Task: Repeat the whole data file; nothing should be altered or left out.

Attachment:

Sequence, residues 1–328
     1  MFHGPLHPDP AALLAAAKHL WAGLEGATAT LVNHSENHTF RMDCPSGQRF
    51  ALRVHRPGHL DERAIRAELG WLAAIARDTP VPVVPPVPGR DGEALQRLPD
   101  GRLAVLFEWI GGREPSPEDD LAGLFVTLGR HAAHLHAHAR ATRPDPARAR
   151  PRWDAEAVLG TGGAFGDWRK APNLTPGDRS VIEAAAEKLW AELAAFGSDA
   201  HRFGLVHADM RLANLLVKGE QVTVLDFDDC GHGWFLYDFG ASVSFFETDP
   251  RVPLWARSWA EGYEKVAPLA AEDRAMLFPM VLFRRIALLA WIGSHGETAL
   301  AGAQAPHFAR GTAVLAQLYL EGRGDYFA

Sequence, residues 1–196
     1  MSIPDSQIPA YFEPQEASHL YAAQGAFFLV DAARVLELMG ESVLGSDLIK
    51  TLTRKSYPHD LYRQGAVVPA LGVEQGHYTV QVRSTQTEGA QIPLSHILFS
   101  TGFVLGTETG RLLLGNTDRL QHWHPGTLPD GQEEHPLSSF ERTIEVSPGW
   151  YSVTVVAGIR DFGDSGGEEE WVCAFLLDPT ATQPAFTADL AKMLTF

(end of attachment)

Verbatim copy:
Sequence, residues 1–328
     1  MFHGPLHPDP AALLAAAKHL WAGLEGATAT LVNHSENHTF RMDCPSGQRF
    51  ALRVHRPGHL DERAIRAELG WLAAIARDTP VPVVPPVPGR DGEALQRLPD
   101  GRLAVLFEWI GGREPSPEDD LAGLFVTLGR HAAHLHAHAR ATRPDPARAR
   151  PRWDAEAVLG TGGAFGDWRK APNLTPGDRS VIEAAAEKLW AELAAFGSDA
   201  HRFGLVHADM RLANLLVKGE QVTVLDFDDC GHGWFLYDFG ASVSFFETDP
   251  RVPLWARSWA EGYEKVAPLA AEDRAMLFPM VLFRRIALLA WIGSHGETAL
   301  AGAQAPHFAR GTAVLAQLYL EGRGDYFA

Sequence, residues 1–196
     1  MSIPDSQIPA YFEPQEASHL YAAQGAFFLV DAARVLELMG ESVLGSDLIK
    51  TLTRKSYPHD LYRQGAVVPA LGVEQGHYTV QVRSTQTEGA QIPLSHILFS
   101  TGFVLGTETG RLLLGNTDRL QHWHPGTLPD GQEEHPLSSF ERTIEVSPGW
   151  YSVTVVAGIR DFGDSGGEEE WVCAFLLDPT ATQPAFTADL AKMLTF